Y-ADR Spotlight Series – Interview Questions with Denton Nichols

Y-ADR Spotlight Series,

What inspired you to steer your career toward

Denton Nichols

International Arbitration & Litigation Attorney at Norton Rose Fulbright in Houston

1. What inspired you to steer your career toward ADR, and what steps did you take to make it to where you are today?

I spent my first couple of years of private practice in another law firm where I was fortunate to try a variety of disputes work.  Although I liked something about nearly everything I tried, I enjoyed my arbitration cases the most, largely because of the practical mindset and approach I saw embodied in the arbitration process.  When I heard about the opportunity to work in a dedicated arbitration practice at Norton Rose Fulbright, I jumped at the chance.  I’ve since made arbitration and ADR the focus of my career.


2. What is an issue that you see within the field of ADR and how can that issue be combated?

Arbitration, when it works like it is supposed to, can be an exceptionally efficient and economical means of dispute resolution.  Unfortunately, in practice, it can also be just as expensive as conventional litigation in court.  While parties and their counsel share often in the blame for this, I think arbitrators can and should do much more to rein in costs and inefficiencies in a proactive way.  For instance, thoughtful limitations on the length of submissions, careful constraints on the number and breadth of document disclosures, and early resolution of dispositive issues can go a long way to controlling cost.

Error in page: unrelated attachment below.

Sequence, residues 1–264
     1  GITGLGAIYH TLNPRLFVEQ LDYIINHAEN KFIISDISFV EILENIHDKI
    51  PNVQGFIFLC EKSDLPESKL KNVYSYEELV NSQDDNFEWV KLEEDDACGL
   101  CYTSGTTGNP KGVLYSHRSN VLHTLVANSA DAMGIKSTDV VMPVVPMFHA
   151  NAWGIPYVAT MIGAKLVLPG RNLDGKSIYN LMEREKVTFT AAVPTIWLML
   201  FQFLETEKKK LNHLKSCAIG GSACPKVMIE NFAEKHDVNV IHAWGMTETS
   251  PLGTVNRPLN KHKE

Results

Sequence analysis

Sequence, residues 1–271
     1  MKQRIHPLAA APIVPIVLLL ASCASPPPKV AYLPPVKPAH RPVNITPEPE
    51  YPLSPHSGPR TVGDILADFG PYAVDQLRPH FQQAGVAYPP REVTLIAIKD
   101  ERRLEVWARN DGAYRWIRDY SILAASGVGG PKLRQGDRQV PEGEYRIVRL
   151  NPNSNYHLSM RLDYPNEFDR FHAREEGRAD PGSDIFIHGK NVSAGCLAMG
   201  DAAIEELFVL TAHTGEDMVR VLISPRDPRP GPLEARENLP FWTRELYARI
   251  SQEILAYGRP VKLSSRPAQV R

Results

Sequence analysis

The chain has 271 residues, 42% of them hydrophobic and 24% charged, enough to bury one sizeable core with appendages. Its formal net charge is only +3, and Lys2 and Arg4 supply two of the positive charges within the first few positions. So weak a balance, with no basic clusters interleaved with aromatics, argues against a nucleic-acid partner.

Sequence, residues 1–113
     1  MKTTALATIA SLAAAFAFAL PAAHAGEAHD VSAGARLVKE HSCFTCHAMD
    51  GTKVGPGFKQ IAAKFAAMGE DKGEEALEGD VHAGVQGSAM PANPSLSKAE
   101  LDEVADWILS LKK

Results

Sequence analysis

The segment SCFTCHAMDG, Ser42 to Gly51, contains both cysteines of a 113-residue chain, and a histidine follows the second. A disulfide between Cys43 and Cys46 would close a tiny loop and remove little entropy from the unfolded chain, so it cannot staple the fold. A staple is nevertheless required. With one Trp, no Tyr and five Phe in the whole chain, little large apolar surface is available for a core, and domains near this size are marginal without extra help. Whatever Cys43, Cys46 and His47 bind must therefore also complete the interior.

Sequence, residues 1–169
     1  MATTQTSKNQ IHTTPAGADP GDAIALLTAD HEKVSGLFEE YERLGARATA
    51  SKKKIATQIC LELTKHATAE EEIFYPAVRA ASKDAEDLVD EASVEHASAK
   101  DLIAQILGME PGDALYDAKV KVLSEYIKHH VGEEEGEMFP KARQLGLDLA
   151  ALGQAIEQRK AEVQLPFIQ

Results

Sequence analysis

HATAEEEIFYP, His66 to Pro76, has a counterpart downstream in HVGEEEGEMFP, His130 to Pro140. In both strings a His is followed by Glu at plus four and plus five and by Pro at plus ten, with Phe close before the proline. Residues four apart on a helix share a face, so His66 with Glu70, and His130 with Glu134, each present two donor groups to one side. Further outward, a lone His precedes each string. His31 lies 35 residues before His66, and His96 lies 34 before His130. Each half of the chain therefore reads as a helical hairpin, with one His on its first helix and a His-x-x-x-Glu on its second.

3. What personal characteristics are most beneficial to you in your career?

Psychology has developed the “theory of mind” concept to describe the ability to replicate the thoughts, motivations, and emotions of others in one’s own mind.  Having a well-tuned theory of mind has helped me navigate the diverse settings where it is essential to understand where someone else is coming from.  What does the other side need in order to resolve the dispute?  How will the witness answer my next question?  What will the arbitrators think of this argument?  Letting go of one’s own mindset in order to inhabit someone else’s is hard to do, but it is the key to being an effective advocate.


4. What ADR process do you believe is most effective?

Mediation is an underestimated tool in the ADR toolbelt.  I have seen thorny disputes resolved in mediation that I never thought could be resolved consensually by the parties.  The biggest factor determining the success of mediation is whether the mediator has done the work to understand the case, to appreciate the perspectives of the parties, and to figure out what each side needs to know or to hear.  Often, the resolution does not have to be a dollar amount.  I’ve seen cases resolved by amending the parties’ contract, giving discounts on future business, and other creative solutions.

5. What is one piece of advice you would give to somebody who wanted to pursue a career in ADR?

ADR professionals are a community, which means to be an ADR profession you need to be a part of this community.  Participation in ADR organizations, conferences, and meetings is the best way to know your fellow neutrals, institutions, and counsellors, and for them to get to know you.  Also, strive to treat everyone you interact with respectfully and fairly in your practice, as you are bound to run into people in this community over and over again.

6. What do you find to be a beneficial aspect of CPR?

In my view, CPR is unique because its leadership, energy, and mission come predominantly from frequent users of ADR.  CPR’s focus on users brings a much needed dose of real-world pragmatism to its initiatives and programming, as well as to its Dispute Resolution Services. 


7. Describe your perfect Friday night in 5 words or less.

Spending time with my baby!  I’m a new father as of March 2024, and it is the best thing I’ve ever done with my life.